The end of the year is an arbitrary thing. December 31, 2018 is a Monday and January 1, 2019 is a Tuesday. Many people have these days off from work and school, but Wednesday January 2 is going to be a normal day. Since all sorts of pedestrian activities get scheduled 2-3 weeks out, it is not remotely strange to be sending an invite for a conference call on January 3rd.
And yet it seems like a different universe. It feels like there is some huge gap of time between now and then, and that if I have something I am supposed to do on January 10th, it is eons in the future, as opposed to just under four weeks from now. One example: my youngest child turns 4 in mid-January. He would like to have a birthday party. A month before my middle two children’s fall birthdays, I had definitely thought about when and where the parties would be. Indeed, I’m pretty sure I’d booked venues. But in my mind right now it will never be January. Because January happens in an entirely different year.
I don’t know how to explain this mental block. I’m studying it from a detached angle, because I know that I’m a rather future-focused person and probably some folks (probably not a small number of folks) don’t get themselves worked up about the logistical details of a Tuesday five weeks in the future. The future is tabula rasa. I’m not sure that this unclear picture of the future is liberating, though. To me it feels unsettling. Perhaps this is the fundamental personality difference between those of us who are “Js” vs. “Ps” in the Myers-Briggs. I don’t feel like my lack of attention to January means freedom and possibility. I feel like with two working, traveling parents and four kids with their various activities, it’s inviting a train wreck.
Have you thought through January yet?
In other news: My husband’s office Christmas party theme is “old-fashioned Christmas.” What does this mean I am supposed to wear? A bonnet? (He suggested a corset).
I did two small non-work, non-kid adventures this week. I’m trying to take advantage of December’s relative slowness on my speaking calendar (only 3 engagements!) to do some fun stuff. On Tuesday, I went to a lunchtime harpsichord recital. It turns out that Temple University has an early music program, in which people learn to play actual historic instruments. So I listened to a professor perform. Then on Wednesday I saw what I think was a tiny harpsichord in the Winterthur doll house. I saw an ad for the Yuletide decorations at Winterthur, a historic du Pont residence in Delaware, with a note about an 18-room dollhouse that was done up for the holidays. So I got my timed tour ticket and went. I have to say, the tour was probably not something I’d go out of my way to do again. Our guide was lovely and knowledgeable, but historic furniture, and tales of some wealthy heir’s munificence are not really my thing. Also, the doll house was separate from the tour, which I didn’t figure out until afterwards. So by the time my hour-long tour was done, I had just a few minutes to go look at the doll house before I needed to hustle home for kid activities. It had some nice touches: a Nutcracker doll in the library (by two leather chairs that look like my library leather chairs!), little wrapped presents under a tiny tree decorated with even tinier candy canes, embroidered rugs and tapestries, and a tiny little harpsichord-looking instrument tucked in by the staircase. This doll house was modeled on Queen Mary’s rooms in Windsor (which I also saw this year!) and while not quite as spectacular, was still pretty cool.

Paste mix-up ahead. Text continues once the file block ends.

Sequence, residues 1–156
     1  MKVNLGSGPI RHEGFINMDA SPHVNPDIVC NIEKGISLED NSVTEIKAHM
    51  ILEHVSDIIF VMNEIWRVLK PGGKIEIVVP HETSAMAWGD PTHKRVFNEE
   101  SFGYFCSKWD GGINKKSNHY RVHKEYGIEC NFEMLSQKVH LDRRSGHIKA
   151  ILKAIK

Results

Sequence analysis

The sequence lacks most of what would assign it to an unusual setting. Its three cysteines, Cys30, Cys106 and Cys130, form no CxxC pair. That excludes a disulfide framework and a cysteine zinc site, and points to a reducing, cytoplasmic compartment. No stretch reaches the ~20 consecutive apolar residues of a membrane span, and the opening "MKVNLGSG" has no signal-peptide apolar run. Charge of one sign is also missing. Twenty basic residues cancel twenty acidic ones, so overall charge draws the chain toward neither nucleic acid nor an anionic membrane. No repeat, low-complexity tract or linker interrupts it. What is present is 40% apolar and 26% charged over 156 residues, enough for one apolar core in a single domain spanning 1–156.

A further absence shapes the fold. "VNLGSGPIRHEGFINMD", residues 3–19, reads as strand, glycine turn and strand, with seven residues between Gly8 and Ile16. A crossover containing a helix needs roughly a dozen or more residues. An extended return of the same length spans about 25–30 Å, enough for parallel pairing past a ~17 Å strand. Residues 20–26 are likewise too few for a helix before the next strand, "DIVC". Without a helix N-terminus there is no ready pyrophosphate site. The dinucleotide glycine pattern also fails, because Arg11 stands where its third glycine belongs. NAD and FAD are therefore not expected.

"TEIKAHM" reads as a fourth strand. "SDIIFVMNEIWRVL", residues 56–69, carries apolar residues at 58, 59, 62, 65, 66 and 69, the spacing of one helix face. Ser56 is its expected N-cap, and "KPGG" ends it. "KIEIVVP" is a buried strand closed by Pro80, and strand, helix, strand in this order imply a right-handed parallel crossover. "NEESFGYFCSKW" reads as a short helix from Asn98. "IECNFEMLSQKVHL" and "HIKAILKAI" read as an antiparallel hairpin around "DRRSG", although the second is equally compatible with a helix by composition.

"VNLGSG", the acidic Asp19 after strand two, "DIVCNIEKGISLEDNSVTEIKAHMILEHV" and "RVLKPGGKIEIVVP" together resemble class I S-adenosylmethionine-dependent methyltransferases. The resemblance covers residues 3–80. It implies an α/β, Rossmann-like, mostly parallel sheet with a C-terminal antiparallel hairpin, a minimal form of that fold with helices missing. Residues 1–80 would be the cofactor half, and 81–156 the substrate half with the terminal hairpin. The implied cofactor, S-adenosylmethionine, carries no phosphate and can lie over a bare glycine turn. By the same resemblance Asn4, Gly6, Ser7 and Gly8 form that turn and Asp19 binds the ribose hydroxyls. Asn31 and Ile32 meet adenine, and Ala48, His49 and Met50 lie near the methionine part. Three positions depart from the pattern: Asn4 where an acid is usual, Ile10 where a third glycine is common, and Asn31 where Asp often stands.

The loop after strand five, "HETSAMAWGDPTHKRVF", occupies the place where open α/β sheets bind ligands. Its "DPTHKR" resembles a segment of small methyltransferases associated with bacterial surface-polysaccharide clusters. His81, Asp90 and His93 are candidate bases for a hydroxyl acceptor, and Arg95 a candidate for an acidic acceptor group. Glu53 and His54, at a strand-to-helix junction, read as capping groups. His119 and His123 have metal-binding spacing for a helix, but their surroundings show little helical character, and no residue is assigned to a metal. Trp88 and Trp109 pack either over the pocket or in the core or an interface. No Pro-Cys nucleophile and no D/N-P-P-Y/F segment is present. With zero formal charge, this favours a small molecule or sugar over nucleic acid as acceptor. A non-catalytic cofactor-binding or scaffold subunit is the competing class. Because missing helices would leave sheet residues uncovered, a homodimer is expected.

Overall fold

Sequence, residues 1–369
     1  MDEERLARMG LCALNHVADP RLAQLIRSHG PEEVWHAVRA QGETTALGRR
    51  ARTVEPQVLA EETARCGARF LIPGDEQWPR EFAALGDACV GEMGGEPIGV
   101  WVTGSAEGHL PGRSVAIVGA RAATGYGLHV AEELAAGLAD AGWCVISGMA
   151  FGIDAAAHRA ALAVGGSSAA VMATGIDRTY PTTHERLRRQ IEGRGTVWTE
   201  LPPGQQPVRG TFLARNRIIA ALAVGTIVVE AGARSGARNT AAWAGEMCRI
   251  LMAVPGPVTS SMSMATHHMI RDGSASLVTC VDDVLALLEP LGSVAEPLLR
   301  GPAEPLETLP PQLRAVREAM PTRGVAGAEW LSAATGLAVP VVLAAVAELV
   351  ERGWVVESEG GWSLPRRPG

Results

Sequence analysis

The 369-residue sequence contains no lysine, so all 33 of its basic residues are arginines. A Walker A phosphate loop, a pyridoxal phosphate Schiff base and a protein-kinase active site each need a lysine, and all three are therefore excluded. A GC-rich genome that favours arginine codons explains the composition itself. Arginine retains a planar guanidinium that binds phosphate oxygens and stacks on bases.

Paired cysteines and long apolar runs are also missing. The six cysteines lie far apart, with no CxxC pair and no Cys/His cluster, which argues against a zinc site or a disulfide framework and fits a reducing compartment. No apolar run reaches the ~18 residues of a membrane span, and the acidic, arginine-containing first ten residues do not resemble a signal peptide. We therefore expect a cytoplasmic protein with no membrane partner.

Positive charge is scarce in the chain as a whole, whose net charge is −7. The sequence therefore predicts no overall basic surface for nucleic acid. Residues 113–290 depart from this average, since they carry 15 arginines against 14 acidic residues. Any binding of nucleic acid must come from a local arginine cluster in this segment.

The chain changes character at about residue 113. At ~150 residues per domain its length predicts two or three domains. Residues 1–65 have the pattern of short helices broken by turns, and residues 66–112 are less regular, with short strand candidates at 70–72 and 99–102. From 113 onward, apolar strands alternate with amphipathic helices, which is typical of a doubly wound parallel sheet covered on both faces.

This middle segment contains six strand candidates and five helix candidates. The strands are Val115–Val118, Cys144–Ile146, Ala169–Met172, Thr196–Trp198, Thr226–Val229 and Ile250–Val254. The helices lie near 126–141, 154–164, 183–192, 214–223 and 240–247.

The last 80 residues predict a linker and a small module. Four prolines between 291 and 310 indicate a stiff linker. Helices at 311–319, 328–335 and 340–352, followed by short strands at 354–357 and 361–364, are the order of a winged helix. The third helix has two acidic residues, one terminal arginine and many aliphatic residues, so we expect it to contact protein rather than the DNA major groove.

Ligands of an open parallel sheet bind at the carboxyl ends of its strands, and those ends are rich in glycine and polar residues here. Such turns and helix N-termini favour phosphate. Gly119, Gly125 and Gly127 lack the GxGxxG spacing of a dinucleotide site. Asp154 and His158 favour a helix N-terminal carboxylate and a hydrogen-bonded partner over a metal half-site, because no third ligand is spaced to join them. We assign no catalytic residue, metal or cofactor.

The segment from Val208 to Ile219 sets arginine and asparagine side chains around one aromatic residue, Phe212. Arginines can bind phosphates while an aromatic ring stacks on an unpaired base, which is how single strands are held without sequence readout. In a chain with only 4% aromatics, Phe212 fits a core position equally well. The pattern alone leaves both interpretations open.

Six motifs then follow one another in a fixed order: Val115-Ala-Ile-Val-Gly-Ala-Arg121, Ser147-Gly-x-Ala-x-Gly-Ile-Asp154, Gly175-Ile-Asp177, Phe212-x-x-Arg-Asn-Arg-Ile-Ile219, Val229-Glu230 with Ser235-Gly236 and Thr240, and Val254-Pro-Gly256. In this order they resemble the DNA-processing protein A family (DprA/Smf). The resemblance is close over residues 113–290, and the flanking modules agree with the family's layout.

My kids started writing to Sassy, our house elf on the shelf. They leave notes for him (or possibly her?) and so Sassy has been answering. Apparently she (or possibly he?) used to visit a family in Texas before coming to our family after all those children grew up. The children have been trying to guess what Sassy’s prior name was. Sassy’s only hint (so far) is that it’s a name that also appears in the children’s family tree. Stay tuned!
I’m singing in a Christmas concert this weekend at my church. My voice is slowly returning. Several different versions of O Magnum Mysterium: Lauridsen, Higdon, Poulenc, Pinkham…